Vampires and Censorship

Rachel Cullen
Tuesday, 31 October 2023

Vampires have long held an important place in the collective imagination. The ever-evolving lore and how they are depicted in arts and entertainment reflect social mores and preoccupations of the time. Vampires often represent what is feared, ideas of moral deviance and exclusion from society.

The Vampire, wearing a collared business shirt and tie.

Still of film removed for censorship purposes from 'The Vampire', 1957. NAA: C40, 1481735

Wherever ideas of the arts and morality intersect, there are also often conversations about and actions of censorship. When it comes to vampires and Australia, from 1948 to 1968 there was a ban on horror films via the Federal Department of Trade and Customs (CA 10) and Commonwealth Film Censorship.

The series ST4129 at the National Archives of Australia hold film importation and censorship documentation from 1951 to 1975. In this series researchers can trace the importation of films and whether they were granted registration. An example of this is in 1967 when the film Daughter of the Vampire was rejected.

This ban stood for 20 years and during this time there were no vampires in film or television reflecting back to Australians the shifting cultural attitudes that the horror genre explores.

Another story from National Archives, Exit the Ghouls, goes into more detail about the horror film ban and explores collection items that document this policy.

When the ban was lifted in 1968, films and TV programs were still censored, with images and scenes cut. The National Archives of Australia holds the excised film as part of its collection (see series C40 and C3057).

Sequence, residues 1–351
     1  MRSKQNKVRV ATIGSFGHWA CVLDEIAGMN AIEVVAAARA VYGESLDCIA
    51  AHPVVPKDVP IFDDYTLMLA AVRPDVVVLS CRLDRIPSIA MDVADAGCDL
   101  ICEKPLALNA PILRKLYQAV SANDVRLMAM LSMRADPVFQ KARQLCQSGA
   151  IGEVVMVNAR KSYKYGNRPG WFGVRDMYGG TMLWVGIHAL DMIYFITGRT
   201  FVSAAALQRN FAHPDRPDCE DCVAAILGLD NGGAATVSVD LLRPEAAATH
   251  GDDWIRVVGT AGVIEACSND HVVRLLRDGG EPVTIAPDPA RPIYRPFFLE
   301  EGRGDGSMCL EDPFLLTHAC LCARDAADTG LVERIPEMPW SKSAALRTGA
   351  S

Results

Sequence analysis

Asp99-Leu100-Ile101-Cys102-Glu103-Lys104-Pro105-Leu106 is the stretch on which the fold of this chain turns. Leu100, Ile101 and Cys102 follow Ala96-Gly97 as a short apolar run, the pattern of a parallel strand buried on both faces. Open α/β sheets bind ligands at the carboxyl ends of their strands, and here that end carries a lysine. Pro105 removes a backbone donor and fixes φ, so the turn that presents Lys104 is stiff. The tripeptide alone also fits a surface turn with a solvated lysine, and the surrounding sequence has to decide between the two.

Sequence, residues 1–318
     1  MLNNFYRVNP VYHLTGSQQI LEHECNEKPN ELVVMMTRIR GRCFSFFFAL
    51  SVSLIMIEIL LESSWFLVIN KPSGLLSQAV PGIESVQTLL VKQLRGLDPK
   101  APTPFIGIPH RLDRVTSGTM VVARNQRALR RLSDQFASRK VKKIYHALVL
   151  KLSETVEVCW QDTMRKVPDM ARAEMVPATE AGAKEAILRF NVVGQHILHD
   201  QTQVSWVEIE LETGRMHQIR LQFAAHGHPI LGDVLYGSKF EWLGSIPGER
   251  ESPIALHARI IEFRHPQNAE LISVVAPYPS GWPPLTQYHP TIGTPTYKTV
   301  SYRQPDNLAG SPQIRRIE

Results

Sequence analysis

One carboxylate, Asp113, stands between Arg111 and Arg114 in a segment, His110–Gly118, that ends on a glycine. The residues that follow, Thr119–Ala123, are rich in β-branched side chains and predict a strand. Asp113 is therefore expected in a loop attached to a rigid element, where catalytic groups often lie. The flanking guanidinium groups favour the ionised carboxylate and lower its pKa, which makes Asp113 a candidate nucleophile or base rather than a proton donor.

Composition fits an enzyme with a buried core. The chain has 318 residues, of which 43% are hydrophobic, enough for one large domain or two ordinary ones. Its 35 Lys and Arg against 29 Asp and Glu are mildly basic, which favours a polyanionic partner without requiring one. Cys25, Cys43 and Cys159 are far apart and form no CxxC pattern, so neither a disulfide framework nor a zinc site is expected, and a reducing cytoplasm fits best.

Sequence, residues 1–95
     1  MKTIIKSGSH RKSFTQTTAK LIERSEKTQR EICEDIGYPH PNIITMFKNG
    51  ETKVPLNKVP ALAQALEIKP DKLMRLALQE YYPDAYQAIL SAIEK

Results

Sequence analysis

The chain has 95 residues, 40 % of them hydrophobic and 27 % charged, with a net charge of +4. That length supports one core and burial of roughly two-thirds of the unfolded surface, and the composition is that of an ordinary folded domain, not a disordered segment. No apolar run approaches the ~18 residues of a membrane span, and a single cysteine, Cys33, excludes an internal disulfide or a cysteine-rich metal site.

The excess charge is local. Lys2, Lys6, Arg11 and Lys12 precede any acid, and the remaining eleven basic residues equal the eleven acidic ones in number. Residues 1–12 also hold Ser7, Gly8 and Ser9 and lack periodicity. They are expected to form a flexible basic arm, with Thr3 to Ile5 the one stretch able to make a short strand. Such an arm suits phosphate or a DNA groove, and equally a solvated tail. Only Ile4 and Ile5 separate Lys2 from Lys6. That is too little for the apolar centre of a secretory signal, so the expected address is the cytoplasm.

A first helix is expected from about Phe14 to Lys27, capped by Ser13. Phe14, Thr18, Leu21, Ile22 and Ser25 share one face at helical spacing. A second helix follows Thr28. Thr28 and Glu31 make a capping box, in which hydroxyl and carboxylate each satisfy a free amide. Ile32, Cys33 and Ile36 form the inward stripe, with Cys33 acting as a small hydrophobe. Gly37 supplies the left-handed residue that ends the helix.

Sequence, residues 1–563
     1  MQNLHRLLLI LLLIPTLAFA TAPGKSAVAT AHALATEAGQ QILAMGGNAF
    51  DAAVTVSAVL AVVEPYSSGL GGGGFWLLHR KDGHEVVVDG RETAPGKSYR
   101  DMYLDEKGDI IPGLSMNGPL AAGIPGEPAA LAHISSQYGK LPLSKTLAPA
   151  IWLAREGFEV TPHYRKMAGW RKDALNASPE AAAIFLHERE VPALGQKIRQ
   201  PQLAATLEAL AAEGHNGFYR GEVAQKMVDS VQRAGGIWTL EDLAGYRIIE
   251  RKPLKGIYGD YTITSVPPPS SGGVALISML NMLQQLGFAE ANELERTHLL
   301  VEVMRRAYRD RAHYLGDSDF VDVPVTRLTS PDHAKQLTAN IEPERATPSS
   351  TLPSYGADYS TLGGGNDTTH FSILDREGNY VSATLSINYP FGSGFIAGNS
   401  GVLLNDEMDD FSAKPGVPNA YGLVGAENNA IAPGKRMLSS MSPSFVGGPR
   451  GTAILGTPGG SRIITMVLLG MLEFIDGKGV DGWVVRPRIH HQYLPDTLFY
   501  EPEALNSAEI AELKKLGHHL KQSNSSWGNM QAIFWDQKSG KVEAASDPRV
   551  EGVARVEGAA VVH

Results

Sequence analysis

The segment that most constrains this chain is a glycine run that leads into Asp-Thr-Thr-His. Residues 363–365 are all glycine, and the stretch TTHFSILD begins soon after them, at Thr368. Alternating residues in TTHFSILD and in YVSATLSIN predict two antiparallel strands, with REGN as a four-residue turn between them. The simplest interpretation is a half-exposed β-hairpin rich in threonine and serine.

Like all change, it took a while to be fully implemented. In the middle of 1969 TV columnist Matt White reported on the enquiries of a schoolgirl who ' … demanded to know why no Dracula or Frankenstein films had ever been shown on television.' White investigated and explained:

Intrigued, because there have been dozens of Dracula and Frankenstein movies made of the last half century, I contacted our television stations for an explanation. The answer was swift; the censor has banned them all for telecasting, irrespective of when they were made, their quality – or even who stars in them. Would you believe that one of them, entitled Abbott and Costello Meet Frankenstein, made 21 years ago as a slap stick comedy, is among that heap of tabooed celluloid? ....

… one television executive…is convinced that any film which has Dracula or Frankenstein in the title is automatically banned from the air.

An example of a film impacted at this time is the 1970 UK film The Vampire Lovers, staring Peter Cushing.

Footage that was removed for theatrical release include a decapitation and vampires being staked. There is also the bloody mouth of a vampire and the sound of two piercing screams.

When examined for broadcast on television an extra scene of two women kissing was also removed.

Looking through the footage selected by the censors in films such as, The Vampire Lovers (1970), Malenka, Niece of the Vampire (1969), The Fearless Vampire Killers (1967), The Vampire (1957) and Dracula has Risen from the Grave (1968) there is repetition in the scene removed. The scenes removed include vampires biting, the bodies of victims and hunters staking vampires.

Some of the imagery removed from the over-the-top gothic films of the era are humorous, but there is also a disturbing element to watching the fake blood, staking and hearing the screams out of context and on repeat.

The 2018 film [Censored] explores a large portion of the censorship clips held by the National Archives. Filmmaker Sari Braithwaite noted:

The censor's act of cutting a scene from a film strips it of context and its story. It does not matter if it is a good or bad film, an important or forgettable film; the act of cutting a scene, dislocating action from story, is violent.

As the ban was lifted, vampires began to also appear in Australian productions. In 1975 the ABC used vampire tropes in as part of its You're at Home with ABC advertising campaign.

Fifty years on from the ban and vampires are very visible in the film and television landscape. Australia now has its own legacy of the horror genre including the modern Indigenous vampire hunters of Firebite showing that human imagination and how we use the horror of the vampire to tell our stories continues.